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Now, the interview is over. April thanks Lana and everyone clears out. Lana gets out two drinks and tells Johnny he can come out now. She knows he’s always been there. Johnny mocks her and tells her he killed a crew work bringing doughnuts to get into this interview. Lana basically says that she always knew it was him and that he is a much better person than his father was, which is why he can never amount to him or his antics. Lana says she always knew he’d come for her.

 

Of course, this intuition did not come out of the blue. We see two officers telling Lana about Johnny and all of the people he’s killed, including an elderly couple in Dr. Thredson’s old house. They warned her she might be next.

 

Lana then lights her cigarette and tells Johnny how much he resembles Dr. Thredson. Johnny then tells her that he had his own intuition when Lana helped him on the playground. He just knew she was his real mother. Johnny then says that he found the lost confessional tape on eBay. Johnny is very sure that Dr. Thredson loved him, but Lana bursts his bubble and tells him that he did not. Lana, in fact, really does love him, which is why she gave him up for adoption so he would have a chance at a much better life. Johnny then gets upset and screams at Lana, raising his gun at her. Johnny wants to do his father’s work justice, but Lana reminds him that he is as much a part of her as he is of Dr. Thredson. In other words, Johnny is a much better person than his sadistic father ever could be. Johnny doesn’t believe this and tells her that he has killed lots of people to find her. Lana tells Johnny that she blames herself for this, not him. She really should have killed him at birth. Lana has taken the gun from Johnny’s weak hands and turned it on him, killing him just as she did Dr. Thredson, without much regret or remorse. No jury would ever convict her, I’m guessing.

 

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Now, the surprise epilogue. It’s 1964 again. Lana is meeting with Sister Jude at Briarcliff. Lana wants to see Bloody Face, who about to be admitted. Jude calls Lana “Lana Banana” and says she can tell Lana’s the ambitious type. Jude then warns her about what a woman alone with dreams has to go through in the modern world. Jude tells her not to look at evil too much, b/c it will devour you. Lana wants to hear Jude’s story of how she got to the top of this asylum. Jude then makes a comment so the effect that they are not destined to meet again. The young, much more innocent Lana then walks out the front door, and life at Briarcliff goes on as she if she never re-entered and the season had just been the product of Lana’s over-active imagination…or was it??? Of course, we zoom out to view the dark, seemingly unending, spiral of the asylum’s staircase with “Dominique” playing in the background. Such is ambiguity.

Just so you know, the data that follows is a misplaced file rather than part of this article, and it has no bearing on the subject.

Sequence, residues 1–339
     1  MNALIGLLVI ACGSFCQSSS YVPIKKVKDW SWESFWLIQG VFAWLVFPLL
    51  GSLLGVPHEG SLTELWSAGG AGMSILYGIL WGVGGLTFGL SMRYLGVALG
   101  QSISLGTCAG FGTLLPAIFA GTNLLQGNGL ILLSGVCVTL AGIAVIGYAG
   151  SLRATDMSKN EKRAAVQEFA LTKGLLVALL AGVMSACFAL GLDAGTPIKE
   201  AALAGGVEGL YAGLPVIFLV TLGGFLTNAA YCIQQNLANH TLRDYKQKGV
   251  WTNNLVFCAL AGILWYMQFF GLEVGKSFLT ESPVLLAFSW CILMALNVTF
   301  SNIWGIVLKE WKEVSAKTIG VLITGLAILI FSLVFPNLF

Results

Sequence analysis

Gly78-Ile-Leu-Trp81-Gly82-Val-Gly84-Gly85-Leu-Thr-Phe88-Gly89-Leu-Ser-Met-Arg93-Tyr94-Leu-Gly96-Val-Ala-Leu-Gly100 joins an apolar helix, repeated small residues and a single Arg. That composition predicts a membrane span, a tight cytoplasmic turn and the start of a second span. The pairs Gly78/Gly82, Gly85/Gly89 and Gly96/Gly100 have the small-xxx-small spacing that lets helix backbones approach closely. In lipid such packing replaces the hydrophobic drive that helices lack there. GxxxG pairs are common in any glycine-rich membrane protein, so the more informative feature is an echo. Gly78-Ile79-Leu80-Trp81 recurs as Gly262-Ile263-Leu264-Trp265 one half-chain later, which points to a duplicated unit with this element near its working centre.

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So, did the season actually happen? I’m guessing it didn’t. Even though it was after Lana was asking about the asylum’s bakery and Sister Jude kicked her out when she figured out what her intentions really were. It’s true that Lana snuck in and was captured….but I’d like to think that was just the beginning of her fictional book. And that’s really the only way all of these converging stories could’ve really been wrapped up satisfyingly. Remember that comment I made last week about possibly ending the mini-series on a weak note after last week’s disappointing episode? Well, forget it. I have been getting annoyed with the way they’ve been ending most of the characters’ arcs with an “and then they died” motif these past few weeks. But, I was really impressed with what the writers and actors came up with here. The overarching emotion achieved here might make this the best episode of both seasons. Internalizing the season makes the zany editing style feel appropriate. Normally, an ending like that would make me disappointed. But, here, it seems to make up for a  lot. This was, after all, a season where we had a devil-possessed nun and aliens abducting totally random people for pretty  much no reason…at the same time, not to mention scientifically-mutilated humans and women pretending to be Anne Frank. What else could it have been? Of course, the aliens could’ve been a metaphor for the Judeo-Christian God that the Catholic faith is opposed to. All that resurrection/watching over stuff is very obvious and ripe for good vs evil symbolism, but it never really worked for me. Even the not-so virgin birth the aliens engineered felt forced, es. since Kit had impregnated both Alma and Grace.